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Volume 31 Issue 9 (September 2021)

GSA Today

Article, pp. 4-9 | Full Text | PDF

Virtual Outcrops in a Pocket: The Smartphone as a Fully Equipped Photogrammetric Data Acquisition Tool

Amerigo Corradetti*

Dept. of Mathematics and Geosciences, University of Trieste, Trieste, Italy

Thomas D. Seers

Dept. of Petroleum Engineering, Texas A&M University at Qatar, Doha, Qatar

Andrea Billi

Consiglio Nazionale delle Ricerche, IGAG, Rome, Italy

Stefano Tavani

Consiglio Nazionale delle Ricerche, IGAG, Rome, Italy, and DiSTAR, Università di Napoli Federico II, Napoli, Italy


Since the advent of affordable consumer-grade cameras over a century ago, photographic images have been the standard medium for capturing and visualizing outcrop-scale geological features. Despite the ubiquity of raster image data capture in routine fieldwork, the development of close-range 3D remote-sensing techniques has led to a paradigm shift in the representation and analysis of rock exposures from two- to three-dimensional forms. The use of geological 3D surface reconstructions in routine fieldwork has, however, been limited by the portability, associated learning curve, and/or expense of tools required for data capture, visualization, and analysis. Smartphones are rapidly becoming a viable alternative to conventional 3D close-range remote-sensing data capture and visualization platforms, providing a catalyst for the general uptake of 3D outcrop technologies by the geological community, which were up until relatively recently the purview of a relatively small number of geospatial specialists. Indeed, the continuous improvement of smartphone cameras, coupled with their integration with global navigation satellite system (GNSS) and inertial sensors provides 3D reconstructions with comparable accuracy to survey-grade systems. These developments have already led many field geologists to replace reflex cameras, as well as dedicated handheld GNSS receivers and compass clinometers, with smartphones, which offer the equivalent functionality within a single compact platform. Here we demonstrate that through the use of a smartphone and a portable gimbal stabilizer, we can readily generate and register high-quality 3D scans of outcropping geological structures, with the workflow exemplified using a mirror of a seismically active fault. The scan is conducted with minimal effort over the course of a few minutes with limited equipment, thus being representative of a routine situation for a field geologist.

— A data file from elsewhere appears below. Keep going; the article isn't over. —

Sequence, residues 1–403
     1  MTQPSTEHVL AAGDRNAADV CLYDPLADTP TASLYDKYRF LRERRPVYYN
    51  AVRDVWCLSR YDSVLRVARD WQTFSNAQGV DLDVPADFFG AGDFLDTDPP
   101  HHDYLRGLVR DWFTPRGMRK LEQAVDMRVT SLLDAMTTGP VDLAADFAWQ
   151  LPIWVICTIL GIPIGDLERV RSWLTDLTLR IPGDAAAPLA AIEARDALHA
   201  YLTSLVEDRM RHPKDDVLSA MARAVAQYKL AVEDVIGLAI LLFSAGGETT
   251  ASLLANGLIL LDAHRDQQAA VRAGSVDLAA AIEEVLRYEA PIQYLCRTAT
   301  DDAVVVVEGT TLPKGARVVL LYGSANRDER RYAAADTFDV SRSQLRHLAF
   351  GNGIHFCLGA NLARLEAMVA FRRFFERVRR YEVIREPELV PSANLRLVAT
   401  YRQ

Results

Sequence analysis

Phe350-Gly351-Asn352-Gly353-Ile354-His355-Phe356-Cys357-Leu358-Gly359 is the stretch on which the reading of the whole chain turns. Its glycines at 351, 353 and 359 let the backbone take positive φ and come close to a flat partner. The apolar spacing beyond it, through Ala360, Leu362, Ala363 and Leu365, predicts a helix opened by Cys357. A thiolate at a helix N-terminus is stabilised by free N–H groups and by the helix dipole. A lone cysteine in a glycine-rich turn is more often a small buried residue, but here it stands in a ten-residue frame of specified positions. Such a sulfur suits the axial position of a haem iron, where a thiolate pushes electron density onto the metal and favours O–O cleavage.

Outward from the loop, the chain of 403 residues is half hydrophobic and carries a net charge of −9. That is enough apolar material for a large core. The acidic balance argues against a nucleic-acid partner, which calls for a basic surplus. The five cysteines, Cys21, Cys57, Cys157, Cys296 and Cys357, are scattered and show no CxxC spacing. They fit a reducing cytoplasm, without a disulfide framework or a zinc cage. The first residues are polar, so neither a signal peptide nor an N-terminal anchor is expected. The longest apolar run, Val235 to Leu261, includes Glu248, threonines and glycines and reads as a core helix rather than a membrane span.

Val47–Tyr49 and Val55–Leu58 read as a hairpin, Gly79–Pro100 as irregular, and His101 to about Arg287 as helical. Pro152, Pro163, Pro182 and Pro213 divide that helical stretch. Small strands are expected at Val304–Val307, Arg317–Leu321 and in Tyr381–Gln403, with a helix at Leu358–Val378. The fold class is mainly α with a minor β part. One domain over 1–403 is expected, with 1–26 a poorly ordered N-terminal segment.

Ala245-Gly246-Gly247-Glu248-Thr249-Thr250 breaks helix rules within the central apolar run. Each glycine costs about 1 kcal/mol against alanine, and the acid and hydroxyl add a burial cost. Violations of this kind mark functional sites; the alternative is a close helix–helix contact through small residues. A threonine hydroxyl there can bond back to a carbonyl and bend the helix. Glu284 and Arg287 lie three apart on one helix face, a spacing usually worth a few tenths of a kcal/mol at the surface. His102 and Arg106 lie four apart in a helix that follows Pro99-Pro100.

Manuscript received 5 Mar. 2021. Revised manuscript received 19 May 2021. Manuscript accepted 25 May 2021. Posted 1 July 2021.

© The Geological Society of America, 2021. CC-BY-NC.


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